The Major Hurdles We Face

As we approach the 104th anniversary of the Armenian Genocide, Armenian communities and organizations worldwide are working towards a number of events and demonstrations. In many aspects, these commemorative events have proved themselves to be memorable and the worldwide support, impressive, including the ensuing coverage from the international press. Despite this, we still face a number of hurdles and obstacles, not only for universal recognition of the genocide but also, fair reparations. In this article, I will list but a few.

Turkey’s Membership in NATO

NATO has 24 military bases in Turkey. Turkey joined NATO with the support of the US government on February 18, 1952. These military bases became NATO’s eastern anchor and the main concentration for its controversial Missile Defense System.

For the past several years, the focus of our efforts and activity has been on the Committee for Foreign Affairs in the House of Representatives. In the Committee, we have been successful in passing resolutions, but sadly due to the resistance of the White House, the State Department, the Defense Department and the unrelenting Turkish lobby, the resolutions never made it to the House floor for a vote.

We need to find a way to unravel the “shady agreements” and “unfounded commitments” made by the US and other NATO members with Turkey to keep those military bases in Turkey. Turkey has been successful in blackmailing and threatening to close the bases, but we know they never will because of the significant economic rewards. We also need to start approaching members of the Armed Services and Budget Committees; these bases costs US taxpayers billions of dollars.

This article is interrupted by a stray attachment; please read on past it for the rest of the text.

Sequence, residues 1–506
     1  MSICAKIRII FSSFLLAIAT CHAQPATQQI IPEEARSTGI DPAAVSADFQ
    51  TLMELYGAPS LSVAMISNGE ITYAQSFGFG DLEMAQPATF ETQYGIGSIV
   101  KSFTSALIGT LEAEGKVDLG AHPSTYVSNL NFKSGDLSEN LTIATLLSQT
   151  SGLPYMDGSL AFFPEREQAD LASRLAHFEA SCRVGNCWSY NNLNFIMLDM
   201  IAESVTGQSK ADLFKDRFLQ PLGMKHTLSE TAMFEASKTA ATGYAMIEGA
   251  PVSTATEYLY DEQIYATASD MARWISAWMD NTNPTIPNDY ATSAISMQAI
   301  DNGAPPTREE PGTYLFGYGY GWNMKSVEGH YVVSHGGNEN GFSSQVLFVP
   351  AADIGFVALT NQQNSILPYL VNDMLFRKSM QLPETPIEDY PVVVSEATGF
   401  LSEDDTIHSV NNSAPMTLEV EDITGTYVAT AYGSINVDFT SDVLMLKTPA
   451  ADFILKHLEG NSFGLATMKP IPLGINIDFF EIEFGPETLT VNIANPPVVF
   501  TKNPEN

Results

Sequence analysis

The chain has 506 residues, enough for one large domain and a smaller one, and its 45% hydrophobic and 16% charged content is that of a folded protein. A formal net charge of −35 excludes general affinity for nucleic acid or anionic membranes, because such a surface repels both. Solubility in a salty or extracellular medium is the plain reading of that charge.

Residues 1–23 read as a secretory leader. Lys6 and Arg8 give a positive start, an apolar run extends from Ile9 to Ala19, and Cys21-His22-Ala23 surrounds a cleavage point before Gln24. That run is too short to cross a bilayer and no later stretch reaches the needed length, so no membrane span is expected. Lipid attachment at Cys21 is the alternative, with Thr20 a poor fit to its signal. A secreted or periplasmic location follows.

The Anti-Defamation League’s Perplexing Opposition to Recognition Efforts

It has been deeply disturbing and disappointing that the Anti-Defamation League (ADL), with the support of the Israeli government, has been lobbying Congress against recognition of the Armenian Genocide. It is a mystery as to why, even though certain members of the ADL have been openly critical of the group’s position.

My personal view is that Jewish lobbies worldwide and the Israeli government want to keep the Holocaust on the forefront and keep it the only race that suffered a calamity and avoid any kind of comparison or competition with the Armenian Genocide. Obviously this is absurd and irrational. We have never denied or questioned the Holocaust. The Israeli government should cease lobbying against our recognition efforts. Israel’s position is shameful, two-faced and immoral. There is no rational justification for it. Period.

Ensuring Lasting Support for the ANCA

It is remarkable that the Armenian National Committee of America (ANCA), both Eastern and Western regions, have achieved some of our goals and objectives with the limited financial support they receive. They have performed admirably and have established themselves as highly influential voices in the US.